• Christians agree to disagree among themselves.  There are a lot of people who love Jesus and have accepted Him as Savior and Lord because of His death and resurrection who have VERY different opinions on what the Bible means.  There are some things that unite all believers in Christ, but there are some minor things that are not as important that distinguish denominations and local bodies.  It is EXTREMELY rare for a local body to not interact with other bodies in their areas.  I know First Baptist McKinney joins up with other churches/denominations to serve McKinney frequently, even churches that they don’t line up with 100% on doctrine.  Churches get along peacefully with each other for the most part. 
  • Christians are unique.  We all have different personalities, ideas, gifts, and talents, but what is so amazing is that we bring all of the different things we have to offer into our local bodies and our local bodies to our communities and our communities to the world … and together, we make up this universal organism called the Church.  Totally a God thing, by the way, but it’s awesome how He works it out!
  • Christians are movers and shakers. We are trying to reach the world with the good news about Jesus, and it’s common to see us volunteering to serve people, starting organizations to better serve people, being active in government and influential in policy formation and change, starting movements in the church and obeying God’s call to go to different parts of the world and minister there.  We’re not trying to brainwash or indoctrinate, we’ve got good news, and we want our lives, not just our mouths to tell you about it!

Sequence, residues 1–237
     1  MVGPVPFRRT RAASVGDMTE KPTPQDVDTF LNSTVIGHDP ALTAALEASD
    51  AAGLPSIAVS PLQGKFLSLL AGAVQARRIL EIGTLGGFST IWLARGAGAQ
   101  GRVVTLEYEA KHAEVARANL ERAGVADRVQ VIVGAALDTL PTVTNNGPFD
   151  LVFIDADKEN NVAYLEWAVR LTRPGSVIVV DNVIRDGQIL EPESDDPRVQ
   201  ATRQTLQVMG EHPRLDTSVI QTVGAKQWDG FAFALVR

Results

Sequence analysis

So yeah.  Christians can be human and sin, but we’re not just sinners.  We are this crazy awesome bunch of people from all kinds of backgrounds with all kinds of talents that God has ordained to walk counter to cultural and societal norms that fall outside of His will and impact our world by telling it about Jesus.

I love Christians!!!


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The Day of Small Things

“This is the word of the LORD to Zerubbabel: ‘Not by might, nor by power, but by My Spirit,’ says the LORD of hosts.  ‘Who are you, O great mountain? Before Zerubbabel you shall become a plain! … The hands of Zerubbabel have laid the foundation of this temple; his hands shall also finish it…  For who has despised the day of small things?  For these seven rejoice to see the plumb line in the hand of Zerubbabel'” (Zechariah 4).

This is a plumb line:

plumb line

This is the temple:

Learning not to despise the day of small things.  Small things often mean big things are on the way.


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Leave it all at the door.

And focus.

And refocus.

And focus again.

Until it He becomes clear.

Until He fills all my vision.

Until only He satisfies.